D. McGrew, in U.S. Pat. No. 3,810,265, teaches dampening wave motion by adding a water soluble viscosity increasing agent to the liquid fill of the mattress. McGrew also discusses the preference that the water mattress not be secured to the frame, especially along the upper marginal surface of the mattress to insure preservation of even bouyancy and prevention of a shear-producing hammocking effect. For this purpose the upper surface of the mattress may carry some slack as provided by a plurality of pleats in the upper mattress surface. Additionally, a foam rubber or other elastic pad may be floatably positioned on the upper outside mattress surface for added comfort or temperature compensation.
U.S. Pat. No. 3,574,873, issued to J. Weinstein, discloses a cushion for preventing the formation of decubitus ulcers. The cushion comprises a flexible and elastic envelope surrounding and enclosing an internal matrix formed of open cell foam material. The internal matrix occupies the entire depth of the envelope. At suitable places the upper surface of the envelope is bonded to the top surfaces of the foam matrix. The envelope also encloses a fluid which passes through the open cells of the foam. This fluid is usually air, although water may be used in addition to air to help dissipate heat in the cushion. Weinstein teaches filling the 2/3 of the cushion's volume with water and to have the remaining 1/3 as air at atmospheric pressure. Weinstein also teaches filling the cushion completely with water. However, since the matrix is relatively inelastic, a stiffer cushion results when it is filled completely with water. At no time is Weinstein concerned with the formation of waves in his cushions as the cushion does not contain enough water for waves to become a factor.
The systems described by the above discussed patents have not achieved a satisfactory wave dampening effect without compromising the qualities expected of conventional waterbeds. Moreover, such systems bear the disadvantages discussed earlier; namely, increased costs and complexities of manufacture, increased costs of shipping, increased difficulties in emptying and refilling, greater likelihood of leakage, and increased maintenance costs.
The present invention is a waterbed mattress having a slab of substantially open celled foam or cellulosic sponge substantially submerged in the liquid fill of the mattress. The waterbed mattress of the present invention retains the positive qualities of bouyant support and comfort of conventional waterbed mattresses, and reduces the undesired wave motion often created within the mattress. Other embodiments of the present invention include a waterbed mattress having a large number of substantially open celled foam or cellulosic sponge particles which are substantially submerged in, yet partially suspended at the upper surface of, the mattress's liquid fill, such particles being either enclosed in a gauze-like sack or unenclosed within the mattress. The present invention may be incorporated in waterbeds or other body supporting furniture such as chairs and couches in which a liquid fill medium is used.
FIG. 1 is a cutaway, top view of an embodiment of the present invention.
FIG. 2 is a side sectional view of the present invention taken along line 2--2 of FIG. 1.
FIG. 3 is a cutaway, top view of another embodiment of the present invention.
FIG. 4 is a side, sectional view of the present invention taken along line 4--4 of FIG. 3.
FIG. 5 is a cutaway, top view of still another embodiment of the present invention.
FIG. 6 is a side, sectional view of the present invention taken along line 6--6 of FIG. 5.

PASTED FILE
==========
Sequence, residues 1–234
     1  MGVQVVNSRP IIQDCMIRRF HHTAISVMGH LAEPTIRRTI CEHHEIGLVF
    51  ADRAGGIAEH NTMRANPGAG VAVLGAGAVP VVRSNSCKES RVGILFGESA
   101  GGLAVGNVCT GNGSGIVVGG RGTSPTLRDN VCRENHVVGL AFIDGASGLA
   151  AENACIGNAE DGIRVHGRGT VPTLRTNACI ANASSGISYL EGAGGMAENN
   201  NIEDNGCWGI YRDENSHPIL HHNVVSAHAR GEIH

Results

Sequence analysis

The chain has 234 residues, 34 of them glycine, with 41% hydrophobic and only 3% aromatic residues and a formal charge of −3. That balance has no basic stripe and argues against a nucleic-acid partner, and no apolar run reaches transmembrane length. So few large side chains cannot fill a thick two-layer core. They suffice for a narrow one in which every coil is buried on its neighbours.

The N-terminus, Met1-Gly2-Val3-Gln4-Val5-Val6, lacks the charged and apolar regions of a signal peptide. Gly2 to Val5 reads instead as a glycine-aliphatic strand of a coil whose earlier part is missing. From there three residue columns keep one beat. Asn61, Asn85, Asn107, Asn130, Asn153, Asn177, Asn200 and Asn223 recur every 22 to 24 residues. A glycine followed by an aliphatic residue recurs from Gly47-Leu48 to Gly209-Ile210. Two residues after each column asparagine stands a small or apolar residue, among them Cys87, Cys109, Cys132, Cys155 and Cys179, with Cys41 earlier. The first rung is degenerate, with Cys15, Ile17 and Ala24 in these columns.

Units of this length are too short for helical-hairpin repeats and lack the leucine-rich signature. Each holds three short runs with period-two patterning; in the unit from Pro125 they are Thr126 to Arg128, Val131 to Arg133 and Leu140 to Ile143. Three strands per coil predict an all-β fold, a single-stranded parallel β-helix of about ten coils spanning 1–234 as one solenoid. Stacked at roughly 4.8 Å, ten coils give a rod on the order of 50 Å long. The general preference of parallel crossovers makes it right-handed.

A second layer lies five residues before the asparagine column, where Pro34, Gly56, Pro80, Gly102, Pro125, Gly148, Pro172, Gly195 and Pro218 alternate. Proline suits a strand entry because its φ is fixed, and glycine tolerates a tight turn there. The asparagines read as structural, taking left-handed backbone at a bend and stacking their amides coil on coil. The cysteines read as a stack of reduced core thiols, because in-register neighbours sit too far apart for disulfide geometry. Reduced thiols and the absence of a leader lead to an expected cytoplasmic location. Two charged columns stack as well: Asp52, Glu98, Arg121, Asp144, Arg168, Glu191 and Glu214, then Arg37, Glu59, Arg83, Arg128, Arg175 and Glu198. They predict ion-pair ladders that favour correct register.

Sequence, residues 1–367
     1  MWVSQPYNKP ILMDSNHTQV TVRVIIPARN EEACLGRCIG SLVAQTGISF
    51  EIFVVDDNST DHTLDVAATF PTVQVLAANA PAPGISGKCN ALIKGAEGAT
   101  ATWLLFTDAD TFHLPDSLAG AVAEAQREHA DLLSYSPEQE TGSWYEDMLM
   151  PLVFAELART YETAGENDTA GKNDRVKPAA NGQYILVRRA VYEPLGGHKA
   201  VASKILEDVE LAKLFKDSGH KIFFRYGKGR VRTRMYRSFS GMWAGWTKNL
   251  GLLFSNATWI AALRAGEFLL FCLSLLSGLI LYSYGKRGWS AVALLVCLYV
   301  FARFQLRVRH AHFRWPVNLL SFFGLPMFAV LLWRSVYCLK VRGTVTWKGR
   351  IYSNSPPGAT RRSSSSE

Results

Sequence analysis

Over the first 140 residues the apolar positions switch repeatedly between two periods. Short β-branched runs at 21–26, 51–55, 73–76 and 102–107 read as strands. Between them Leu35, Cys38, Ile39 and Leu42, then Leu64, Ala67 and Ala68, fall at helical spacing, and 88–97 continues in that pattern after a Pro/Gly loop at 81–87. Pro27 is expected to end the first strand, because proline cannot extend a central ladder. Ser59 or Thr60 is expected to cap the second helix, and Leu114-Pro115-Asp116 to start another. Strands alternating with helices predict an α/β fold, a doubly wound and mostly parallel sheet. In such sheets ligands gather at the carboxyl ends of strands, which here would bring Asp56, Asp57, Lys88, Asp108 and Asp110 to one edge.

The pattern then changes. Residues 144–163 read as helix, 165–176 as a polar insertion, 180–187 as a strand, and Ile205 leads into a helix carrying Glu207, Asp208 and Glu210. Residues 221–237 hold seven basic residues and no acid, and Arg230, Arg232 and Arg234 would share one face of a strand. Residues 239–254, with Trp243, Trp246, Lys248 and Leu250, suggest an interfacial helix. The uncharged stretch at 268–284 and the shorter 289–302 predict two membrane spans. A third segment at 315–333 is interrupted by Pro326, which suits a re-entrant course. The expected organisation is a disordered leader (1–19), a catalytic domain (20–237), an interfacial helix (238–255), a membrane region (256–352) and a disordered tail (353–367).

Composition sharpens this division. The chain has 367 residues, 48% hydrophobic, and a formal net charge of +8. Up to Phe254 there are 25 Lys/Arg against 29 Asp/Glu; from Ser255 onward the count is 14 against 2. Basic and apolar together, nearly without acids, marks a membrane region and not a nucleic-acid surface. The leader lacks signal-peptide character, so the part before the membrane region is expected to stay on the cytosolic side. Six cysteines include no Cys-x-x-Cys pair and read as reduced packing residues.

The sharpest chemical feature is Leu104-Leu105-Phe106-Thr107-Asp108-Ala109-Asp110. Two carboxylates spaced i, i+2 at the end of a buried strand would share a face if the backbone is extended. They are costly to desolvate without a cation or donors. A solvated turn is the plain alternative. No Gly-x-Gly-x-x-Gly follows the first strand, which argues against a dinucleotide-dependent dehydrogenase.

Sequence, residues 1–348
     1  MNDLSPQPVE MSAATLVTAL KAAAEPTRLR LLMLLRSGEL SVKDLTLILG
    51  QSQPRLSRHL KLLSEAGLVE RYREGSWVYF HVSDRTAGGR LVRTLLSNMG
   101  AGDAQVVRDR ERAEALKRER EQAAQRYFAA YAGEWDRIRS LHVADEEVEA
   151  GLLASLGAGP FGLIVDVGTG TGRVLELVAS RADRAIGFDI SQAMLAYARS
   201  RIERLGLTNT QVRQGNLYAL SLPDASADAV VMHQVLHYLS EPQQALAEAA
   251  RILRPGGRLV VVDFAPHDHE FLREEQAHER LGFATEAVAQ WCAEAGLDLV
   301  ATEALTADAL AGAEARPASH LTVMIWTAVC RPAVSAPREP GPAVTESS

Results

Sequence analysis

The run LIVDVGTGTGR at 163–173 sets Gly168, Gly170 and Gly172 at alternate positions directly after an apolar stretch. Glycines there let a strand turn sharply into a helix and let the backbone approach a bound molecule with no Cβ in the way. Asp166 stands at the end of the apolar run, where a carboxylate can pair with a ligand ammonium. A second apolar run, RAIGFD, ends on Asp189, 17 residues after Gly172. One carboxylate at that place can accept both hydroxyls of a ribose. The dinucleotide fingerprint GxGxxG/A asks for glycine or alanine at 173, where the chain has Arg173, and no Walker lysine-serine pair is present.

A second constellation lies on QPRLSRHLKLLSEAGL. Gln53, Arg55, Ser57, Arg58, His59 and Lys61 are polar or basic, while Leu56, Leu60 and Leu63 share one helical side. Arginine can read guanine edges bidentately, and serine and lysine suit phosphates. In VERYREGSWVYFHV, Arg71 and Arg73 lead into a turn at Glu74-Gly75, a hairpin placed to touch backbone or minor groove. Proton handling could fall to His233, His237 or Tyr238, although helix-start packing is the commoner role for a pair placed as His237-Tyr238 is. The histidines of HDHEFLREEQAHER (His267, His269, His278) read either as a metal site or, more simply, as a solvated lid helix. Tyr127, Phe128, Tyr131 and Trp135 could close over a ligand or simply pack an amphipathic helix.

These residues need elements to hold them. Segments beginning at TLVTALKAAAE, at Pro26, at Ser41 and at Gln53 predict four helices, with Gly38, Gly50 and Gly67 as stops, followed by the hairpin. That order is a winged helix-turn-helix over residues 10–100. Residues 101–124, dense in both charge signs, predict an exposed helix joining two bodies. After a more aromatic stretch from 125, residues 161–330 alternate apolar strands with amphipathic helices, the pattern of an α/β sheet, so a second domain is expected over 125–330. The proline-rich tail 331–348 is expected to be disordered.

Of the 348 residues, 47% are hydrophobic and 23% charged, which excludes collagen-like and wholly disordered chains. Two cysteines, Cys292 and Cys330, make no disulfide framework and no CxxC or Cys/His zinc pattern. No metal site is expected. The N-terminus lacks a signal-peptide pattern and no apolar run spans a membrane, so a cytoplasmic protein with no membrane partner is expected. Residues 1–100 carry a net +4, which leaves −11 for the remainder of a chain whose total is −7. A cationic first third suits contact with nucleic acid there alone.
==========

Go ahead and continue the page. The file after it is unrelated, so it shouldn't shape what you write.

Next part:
FIG. 7 is a cutaway, top view of a fourth embodiment of the present invention.
FIG. 8 is a side, sectional view of the present invention taken along line 8--8 of FIG. 7.
FIG. 9 is a side sectional view of the present invention showing a slab having a low specific gravity material disposed throughout. A slab with such low specific gravity material disposed in it may be used in any of the embodiments shown in FIGS. 1-8.
FIG. 10 is a side sectional view of another embodiment of the present invention.
FIG. 11 is a side sectional view of a further embodiment of the present invention.
In the following discussion, the same numeral will designate like elements throughout the drawings. For example, in FIGS. 1 through 11, which illustrate preferred embodiments of this invention, the upper and lower sheets of the waterbed mattress are designated, respectively, by numbers 11 and 12 throughout. While this description often refers to "water" as the liquid fill for the invented waterbed mattress, it should be understood that the present invention contemplates other liquids such as aqueous compositions containing germicides, fungicides, viscosity modifiers and/or additives for enhanced heat transfer.
The present invention incorporates many of the elements of conventional waterbed technology. Sheets 11 and 12 are typically vinyl sheets joined together by a heat seal 14 to form a fluid retaining compartment. The mattress has a standard valve 16 to allow for the filling and emptying of the mattress.
Referring to FIGS. 1 and 2, the diacritic feature of the present invention can be seen. Waterbed mattress or bladder 10 comprises a substantially open celled foam slab 18. This slab is disposed between sheets 11 and 12 before they are sealed together. The foam slab is diminished so that it substantially occupies the length and width of the waterbed mattress. The thickness of foam slab 18 should be between 20% and 80% of the depth of the filled mattress and is preferably between 40 to 60 percent of the depth of the filled mattress. For example, if the filled mattress is six (6) inches deep, foam slab 18 should preferably be about 2.4 to 3.6 inches thick to obtain optimum results. The cells of the foam are interconnected. Thus, water flows into and fills all the cells of that portion of the foam which is submerged.